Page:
Senate Republicans will discuss Monday whether to adjust their healthcare strategy to allow a vote on raising the debt limit for the federal government.

Sen. Bob Corker (R-Tenn.) told CNBC that Republicans could retool their efforts to derail the healthcare bill to allow the vote on that debt ceiling increase, since Democrats showed early Monday morning they have the 60 votes necessary to win future votes on healthcare.


"There's other legislation still at play, so we'll see," Corker said. "I think all of us believe [healthcare] is an incredibly important piece of legislation ... but we'll know by lunch today."

"There's still the issue of the debt ceiling that has to be dealt with," Corker said. "We'll know by lunch today what's going to happen."

Majority Whip Dick Durbin (D-Ill.) last week said the vote on raising the debt limit would be put off until the first week of January, which would force the Senate to return to Washington after a short holiday break. The House has already approved a $290 billion hike in the ceiling.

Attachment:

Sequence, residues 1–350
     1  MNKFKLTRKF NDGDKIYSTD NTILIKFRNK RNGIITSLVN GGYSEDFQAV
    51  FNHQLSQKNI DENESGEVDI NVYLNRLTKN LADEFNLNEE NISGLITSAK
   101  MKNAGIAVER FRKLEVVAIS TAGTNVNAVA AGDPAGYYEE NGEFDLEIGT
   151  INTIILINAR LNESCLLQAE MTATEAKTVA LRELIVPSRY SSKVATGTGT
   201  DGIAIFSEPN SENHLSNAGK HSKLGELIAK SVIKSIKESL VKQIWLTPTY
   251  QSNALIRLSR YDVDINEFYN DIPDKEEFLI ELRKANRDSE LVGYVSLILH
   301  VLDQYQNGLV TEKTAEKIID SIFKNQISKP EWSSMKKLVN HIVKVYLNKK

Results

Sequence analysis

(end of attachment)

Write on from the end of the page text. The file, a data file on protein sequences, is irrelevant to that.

The final vote on healthcare would be cast at 7 p.m. on Christmas Eve unless Republicans agree to speed up the process.

Conservative groups have pressured Senate Republicans to use every tool possible to delay a healthcare vote. Republicans have requested amendments be read in full and objected to Democrats' attempts to shorten the minimum 30 hours of debate that typically follows a cloture vote.

There's ultimately been little sign that Republicans would relent; Sen. Tom Coburn (R-Okla.) even suggested at one point that opponents pray for Democrats to miss the vote.

But Corker acknowledged that the GOP cannot "derail" the healthcare bill.

If Democrats have 60 votes, Republicans in drawing out the fight are also keeping themselves and their staffs away from home over the Christmas holiday.

The GOP had until now stressed it would continue making such procedural moves in an attempt to stop the bill from reaching a final floor vote. But as Corker on Monday noted, "It's hard to see what would derail it coming out of the Senate."